If there’s anything 7-Eleven convenience stores are known for, it’s the fact that they are open 24 hours a day, seven days a week. For that reason, you might find the origin of its name rather ironic.
The first store had its start in 1927 when John Jefferson Green began selling eggs, milk, and bread from his Southland Ice House storefront in Dallas, Texas. He did so with the blessing of Southland Ice’s founding director Joe C. Thompson. Thompson would eventually purchase Southland Ice Company (renamed as Southland Corp.) and follow the successful business model Green pioneered with his storefront. When the business began expanding throughout the Dallas area by building gas stations to cater to the rapidly-growing automobile market, Thompson incorporated general merchandise sales with each new station, thus ushering in the age of the convenience store.
The new business became known as Tote’em Stores, and each one could be easily identified by the Alaskan totem pole prominently displayed at every location. The business expanded rapidly, using the Alaska Native American theme for each new site.
Tote’em Stores also came to be recognized by their expanded store hours. By opening for business at 7:00 a.m. and staying open until 11:00 p.m., Tote’em Stores were able to cash in on an increasingly-mobile society that wanted to be able to refuel cars and stomachs outside of normal business hours. When World War II ended and the automobile age arrived with a roar, Tote’em Stores started to be known primarily for its expanded hours of operation. In 1946 the directors of the company decided to cash in on this happy fact and officially changed the name of the franchise locations to reflect their hours of operation. The new business name: 7-Eleven.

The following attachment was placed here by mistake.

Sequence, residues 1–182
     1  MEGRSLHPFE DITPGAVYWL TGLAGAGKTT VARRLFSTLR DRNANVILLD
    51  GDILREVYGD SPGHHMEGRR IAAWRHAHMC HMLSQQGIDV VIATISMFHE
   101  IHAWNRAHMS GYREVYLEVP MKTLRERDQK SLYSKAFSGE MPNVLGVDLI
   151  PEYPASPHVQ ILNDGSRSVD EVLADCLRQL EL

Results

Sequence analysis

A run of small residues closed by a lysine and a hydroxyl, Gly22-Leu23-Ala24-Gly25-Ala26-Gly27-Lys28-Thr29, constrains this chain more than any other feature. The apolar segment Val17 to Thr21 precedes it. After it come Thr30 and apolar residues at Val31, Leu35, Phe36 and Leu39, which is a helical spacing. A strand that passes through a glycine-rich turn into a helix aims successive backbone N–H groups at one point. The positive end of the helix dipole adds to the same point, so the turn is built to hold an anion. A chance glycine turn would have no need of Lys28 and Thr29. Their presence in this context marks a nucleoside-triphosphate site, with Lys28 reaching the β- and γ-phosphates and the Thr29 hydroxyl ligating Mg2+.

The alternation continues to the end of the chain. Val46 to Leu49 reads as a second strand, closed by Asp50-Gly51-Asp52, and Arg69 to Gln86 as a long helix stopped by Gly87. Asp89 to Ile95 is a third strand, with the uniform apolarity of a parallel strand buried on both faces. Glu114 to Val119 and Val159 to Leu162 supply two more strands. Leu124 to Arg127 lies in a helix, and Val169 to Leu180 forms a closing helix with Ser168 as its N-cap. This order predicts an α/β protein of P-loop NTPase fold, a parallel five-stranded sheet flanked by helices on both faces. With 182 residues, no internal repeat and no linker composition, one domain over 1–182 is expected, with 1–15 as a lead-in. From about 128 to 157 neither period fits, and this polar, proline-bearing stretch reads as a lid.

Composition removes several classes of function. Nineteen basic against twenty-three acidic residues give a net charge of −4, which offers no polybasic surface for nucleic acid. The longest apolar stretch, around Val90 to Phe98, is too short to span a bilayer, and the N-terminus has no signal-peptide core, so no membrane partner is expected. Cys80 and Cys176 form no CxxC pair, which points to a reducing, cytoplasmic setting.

Business continued to be favorable under this new name, and all franchise locations eagerly accepted the revenue that flowed in under the unprecedented hours of operation. This continued until 1963, when an Austin, Texas store stayed open all night to accommodate the crowds from a college football game. Business in the after-midnight hours was surprisingly good, so the location remained open on a 24-hour business model as an experiment. Soon that model was replicated in Fort Worth and then in Las Vegas. Eventually, all stores followed suit.
It wasn’t until 1999 that the parent company, Southland Corp., got around to officially changing its name to 7-Eleven, Inc. Ironically, by this time, it was no longer a Dallas-based operation; it had been purchased years earlier by its Japanese affiliate, Ito-Yokado with headquarters in Tokyo, Japan. Also, by this point, all 7-Eleven stores were open for business 24 hours a day, seven days a week. As a result, many people scratch their heads over the name 7-Eleven, wondering what it means, never guessing that the cryptic name of the convenience store known for never closing its doors is in homage to the days when the stores were known for being open from 7 a.m. to 11 p.m.
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